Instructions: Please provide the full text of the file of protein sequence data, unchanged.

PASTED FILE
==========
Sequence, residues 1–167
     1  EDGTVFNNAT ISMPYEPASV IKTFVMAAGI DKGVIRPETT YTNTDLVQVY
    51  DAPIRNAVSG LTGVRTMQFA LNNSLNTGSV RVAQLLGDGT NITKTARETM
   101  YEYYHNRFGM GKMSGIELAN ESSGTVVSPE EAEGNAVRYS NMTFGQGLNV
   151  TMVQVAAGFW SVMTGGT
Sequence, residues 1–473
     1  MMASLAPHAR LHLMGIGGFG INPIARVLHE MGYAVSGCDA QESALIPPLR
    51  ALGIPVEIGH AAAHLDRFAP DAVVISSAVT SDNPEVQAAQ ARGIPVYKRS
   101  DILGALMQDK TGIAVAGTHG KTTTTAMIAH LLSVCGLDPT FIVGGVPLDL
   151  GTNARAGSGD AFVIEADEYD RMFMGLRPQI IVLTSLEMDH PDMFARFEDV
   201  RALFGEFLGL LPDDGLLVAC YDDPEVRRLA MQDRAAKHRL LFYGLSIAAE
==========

Sequence, residues 1–167
     1  EDGTVFNNAT ISMPYEPASV IKTFVMAAGI DKGVIRPETT YTNTDLVQVY
    51  DAPIRNAVSG LTGVRTMQFA LNNSLNTGSV RVAQLLGDGT NITKTARETM
   101  YEYYHNRFGM GKMSGIELAN ESSGTVVSPE EAEGNAVRYS NMTFGQGLNV
   151  TMVQVAAGFW SVMTGGT
Sequence, residues 1–473
     1  MMASLAPHAR LHLMGIGGFG INPIARVLHE MGYAVSGCDA QESALIPPLR
    51  ALGIPVEIGH AAAHLDRFAP DAVVISSAVT SDNPEVQAAQ ARGIPVYKRS
   101  DILGALMQDK TGIAVAGTHG KTTTTAMIAH LLSVCGLDPT FIVGGVPLDL
   151  GTNARAGSGD AFVIEADEYD RMFMGLRPQI IVLTSLEMDH PDMFARFEDV
   201  RALFGEFLGL LPDDGLLVAC YDDPEVRRLA MQDRAAKHRL LFYGLSIAAE